Browsing by Subject "blood-brain barrier (BBB)"

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  • Wu, Ying-Chieh; Sonninen, Tuuli-Maria; Peltonen, Sanni; Koistinaho, Jari; Lehtonen, Sarka (2021)
    The blood-brain barrier (BBB) regulates the delivery of oxygen and important nutrients to the brain through active and passive transport and prevents neurotoxins from entering the brain. It also has a clearance function and removes carbon dioxide and toxic metabolites from the central nervous system (CNS). Several drugs are unable to cross the BBB and enter the CNS, adding complexity to drug screens targeting brain disorders. A well-functioning BBB is essential for maintaining healthy brain tissue, and a malfunction of the BBB, linked to its permeability, results in toxins and immune cells entering the CNS. This impairment is associated with a variety of neurological diseases, including Alzheimer's disease and Parkinson's disease. Here, we summarize current knowledge about the BBB in neurodegenerative diseases. Furthermore, we focus on recent progress of using human-induced pluripotent stem cell (iPSC)-derived models to study the BBB. We review the potential of novel stem cell-based platforms in modeling the BBB and address advances and key challenges of using stem cell technology in modeling the human BBB. Finally, we highlight future directions in this area.
  • Suominen, Laura (Helsingin yliopisto, 2020)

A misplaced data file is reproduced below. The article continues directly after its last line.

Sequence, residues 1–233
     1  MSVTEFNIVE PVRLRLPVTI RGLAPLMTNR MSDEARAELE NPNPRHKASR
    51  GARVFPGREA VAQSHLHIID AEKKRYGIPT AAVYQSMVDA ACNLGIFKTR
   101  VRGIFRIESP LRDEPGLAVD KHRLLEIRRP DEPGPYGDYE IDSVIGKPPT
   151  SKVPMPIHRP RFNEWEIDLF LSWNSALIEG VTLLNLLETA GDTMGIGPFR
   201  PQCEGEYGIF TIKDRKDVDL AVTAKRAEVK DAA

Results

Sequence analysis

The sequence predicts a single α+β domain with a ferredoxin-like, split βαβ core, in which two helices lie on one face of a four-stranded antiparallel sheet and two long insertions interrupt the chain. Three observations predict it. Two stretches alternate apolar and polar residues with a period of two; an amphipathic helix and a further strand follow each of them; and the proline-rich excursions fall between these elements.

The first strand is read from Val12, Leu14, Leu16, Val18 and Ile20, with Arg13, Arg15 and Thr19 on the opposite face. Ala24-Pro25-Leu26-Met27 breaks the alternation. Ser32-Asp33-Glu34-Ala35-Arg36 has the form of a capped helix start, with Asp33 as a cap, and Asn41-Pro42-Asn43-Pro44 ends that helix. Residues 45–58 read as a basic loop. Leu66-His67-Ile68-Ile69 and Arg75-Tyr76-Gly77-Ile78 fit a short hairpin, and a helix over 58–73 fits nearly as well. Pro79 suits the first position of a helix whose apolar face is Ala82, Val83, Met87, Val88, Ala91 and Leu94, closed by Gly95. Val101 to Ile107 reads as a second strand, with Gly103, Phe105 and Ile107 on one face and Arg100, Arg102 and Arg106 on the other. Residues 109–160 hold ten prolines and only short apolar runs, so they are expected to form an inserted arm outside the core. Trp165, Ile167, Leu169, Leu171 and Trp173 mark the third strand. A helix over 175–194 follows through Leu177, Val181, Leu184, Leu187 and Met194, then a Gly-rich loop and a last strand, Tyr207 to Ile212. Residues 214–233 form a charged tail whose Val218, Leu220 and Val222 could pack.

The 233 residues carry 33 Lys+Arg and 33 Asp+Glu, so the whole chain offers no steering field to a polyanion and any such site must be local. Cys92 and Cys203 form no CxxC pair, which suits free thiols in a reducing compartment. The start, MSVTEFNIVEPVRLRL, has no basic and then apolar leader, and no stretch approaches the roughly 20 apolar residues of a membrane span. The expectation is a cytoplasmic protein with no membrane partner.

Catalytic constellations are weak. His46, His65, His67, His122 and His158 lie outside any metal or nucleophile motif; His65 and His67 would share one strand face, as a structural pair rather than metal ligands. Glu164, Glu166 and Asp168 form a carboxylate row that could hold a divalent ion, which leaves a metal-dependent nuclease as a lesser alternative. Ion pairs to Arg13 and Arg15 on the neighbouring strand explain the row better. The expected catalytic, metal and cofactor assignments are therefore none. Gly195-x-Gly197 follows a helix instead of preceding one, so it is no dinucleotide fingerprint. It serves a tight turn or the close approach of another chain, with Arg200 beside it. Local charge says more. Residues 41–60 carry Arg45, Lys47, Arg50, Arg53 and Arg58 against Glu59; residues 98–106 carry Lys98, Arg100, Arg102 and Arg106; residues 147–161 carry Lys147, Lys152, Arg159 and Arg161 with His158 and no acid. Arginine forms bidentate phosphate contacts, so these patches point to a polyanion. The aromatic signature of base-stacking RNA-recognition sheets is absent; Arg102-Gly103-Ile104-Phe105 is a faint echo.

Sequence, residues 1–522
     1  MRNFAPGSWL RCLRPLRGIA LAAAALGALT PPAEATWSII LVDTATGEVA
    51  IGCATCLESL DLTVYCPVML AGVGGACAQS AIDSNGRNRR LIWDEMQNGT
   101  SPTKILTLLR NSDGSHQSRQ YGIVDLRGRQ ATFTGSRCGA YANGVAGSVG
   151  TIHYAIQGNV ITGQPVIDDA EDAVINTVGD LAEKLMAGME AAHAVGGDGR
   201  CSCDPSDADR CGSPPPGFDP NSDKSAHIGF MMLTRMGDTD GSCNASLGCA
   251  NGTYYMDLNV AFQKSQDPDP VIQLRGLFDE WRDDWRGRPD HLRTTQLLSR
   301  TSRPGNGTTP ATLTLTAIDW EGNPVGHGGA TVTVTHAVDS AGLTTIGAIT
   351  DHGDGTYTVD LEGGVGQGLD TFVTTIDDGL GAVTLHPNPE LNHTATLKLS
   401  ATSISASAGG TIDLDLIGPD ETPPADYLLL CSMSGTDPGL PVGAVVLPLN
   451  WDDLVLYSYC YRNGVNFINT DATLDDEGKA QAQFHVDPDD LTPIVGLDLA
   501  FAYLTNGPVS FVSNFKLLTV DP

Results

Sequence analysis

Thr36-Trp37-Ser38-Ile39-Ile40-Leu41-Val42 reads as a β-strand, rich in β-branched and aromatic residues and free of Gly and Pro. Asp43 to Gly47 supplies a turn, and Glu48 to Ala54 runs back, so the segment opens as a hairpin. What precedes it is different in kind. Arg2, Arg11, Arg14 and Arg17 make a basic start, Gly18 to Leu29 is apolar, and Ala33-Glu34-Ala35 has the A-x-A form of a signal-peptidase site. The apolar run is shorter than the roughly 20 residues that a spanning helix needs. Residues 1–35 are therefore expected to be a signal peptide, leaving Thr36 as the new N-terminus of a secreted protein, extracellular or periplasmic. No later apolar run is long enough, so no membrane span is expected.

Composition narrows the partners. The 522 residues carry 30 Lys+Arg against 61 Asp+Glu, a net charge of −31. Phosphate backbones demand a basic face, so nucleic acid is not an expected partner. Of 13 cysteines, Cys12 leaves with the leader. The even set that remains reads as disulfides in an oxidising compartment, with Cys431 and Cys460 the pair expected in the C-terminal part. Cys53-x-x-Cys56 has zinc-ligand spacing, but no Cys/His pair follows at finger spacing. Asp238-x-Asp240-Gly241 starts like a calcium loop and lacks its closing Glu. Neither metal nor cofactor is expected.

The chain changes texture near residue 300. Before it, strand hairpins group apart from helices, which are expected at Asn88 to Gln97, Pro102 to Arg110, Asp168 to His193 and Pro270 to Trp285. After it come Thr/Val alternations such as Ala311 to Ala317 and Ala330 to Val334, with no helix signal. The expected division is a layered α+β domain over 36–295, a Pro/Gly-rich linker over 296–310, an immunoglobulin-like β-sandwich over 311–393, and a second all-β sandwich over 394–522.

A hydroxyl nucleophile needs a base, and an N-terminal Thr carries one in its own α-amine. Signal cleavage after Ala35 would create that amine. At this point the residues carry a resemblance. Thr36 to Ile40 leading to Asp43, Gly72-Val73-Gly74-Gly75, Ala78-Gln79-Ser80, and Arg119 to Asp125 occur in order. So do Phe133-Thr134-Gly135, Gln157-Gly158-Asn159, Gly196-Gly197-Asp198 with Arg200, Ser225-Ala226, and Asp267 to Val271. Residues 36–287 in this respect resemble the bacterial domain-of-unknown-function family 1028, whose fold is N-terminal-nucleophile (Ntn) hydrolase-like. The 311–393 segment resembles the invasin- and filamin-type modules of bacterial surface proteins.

Background: Alzheimer’s disease (AD) is a worldwide challenge for health care professionals and researchers. Every year, AD causes dementia for millions of patients. No preventive or curative medication is available despite continuous research. Amyloid-beta (Aβ) deposits in brain are one of the main pathological findings in AD. Accumulating Aβ peptides are thought to be the reason behind further disease progression. If the Aβ accumulation could be restricted or Aβ degradation increased their toxic effects would be prevented. Soluble oligomers and protofibrils are the most toxic species of Aβ. Most of the Aβ targeting drugs developed so far have not specifically targeted these toxic species. Neprilysin (NEP) is a major Aβ degrading enzyme that targets mostly the smallest species (monomers and dimers) of Aβ. Another common challenge for protein drugs has been passing the blood-brain barrier (BBB). Different strategies, such as utilising transferrin receptor (TfR) mediated transcytosis, have been studied for drug transport. For example, a rat anti-mouse TfR antibody, 8D3, or its fragments can be used for drug transportation. Objectives: To produce a recombinant protein, sNEP-scFv8D3, combining soluble NEP and single chain variable fragment of 8D3. Testing its ability to degrade different species and isoforms of Aβ in vitro and study in vivo brain uptake. Evaluate whether it is a promising model for future AD treatments. Methods: The recombinant protein was expressed in Expi293 cells and purified with affinity chromatography. The TfR binding was studied with TfR ELISA and enzymatic activity with MCA assay. Aβ ELISA was used for determining the Aβ degradation. Recombinant protein was compared to sNEP. In in vivo studies the brain uptake and blood half-life of radiolabeled sNEP-scFv8D3 of were studied on NLGF mice. Immunohistochemical analyses of brain cryo sections were done to evaluate the co-localisation of Aβ aggregates and sNEP-scFv8D3. Results and discussion: sNEP-scFv8D3 bound to TfR and showed similar enzymatic activity as sNEP. Both sNEP-scFv8D3 and sNEP were able to degrade monomeric Aβ-40 and Aβ-42 but no significant effect was seen on larger aggregates. In mice brain, sNEP-scFv8D3 was detected in same areas as Aβ aggregates. Compared to sNEP, our recombinant protein had better brain uptake. The blood half-life of sNEP-scFv8D3 was approximately 9.5 h and it was cleared fast from the brain. Already 6 h post injection, levels in the brain had dropped more than by half. Further studies are needed to determine whether sNEP-scFv8D3 is effectively transported across the BBB and if it can reduce brain Aβ levels in vivo. Conclusions: In the future, sNEP-scFv8D3 or its improved version could be used at the earliest stages of AD to prevent disease progression. Since sNEP-scFv8D3 degrades only small Aβ aggregates it could be combined with another drug targeting larger oligomers. Together they would decrease the total Aβ deposition in brain.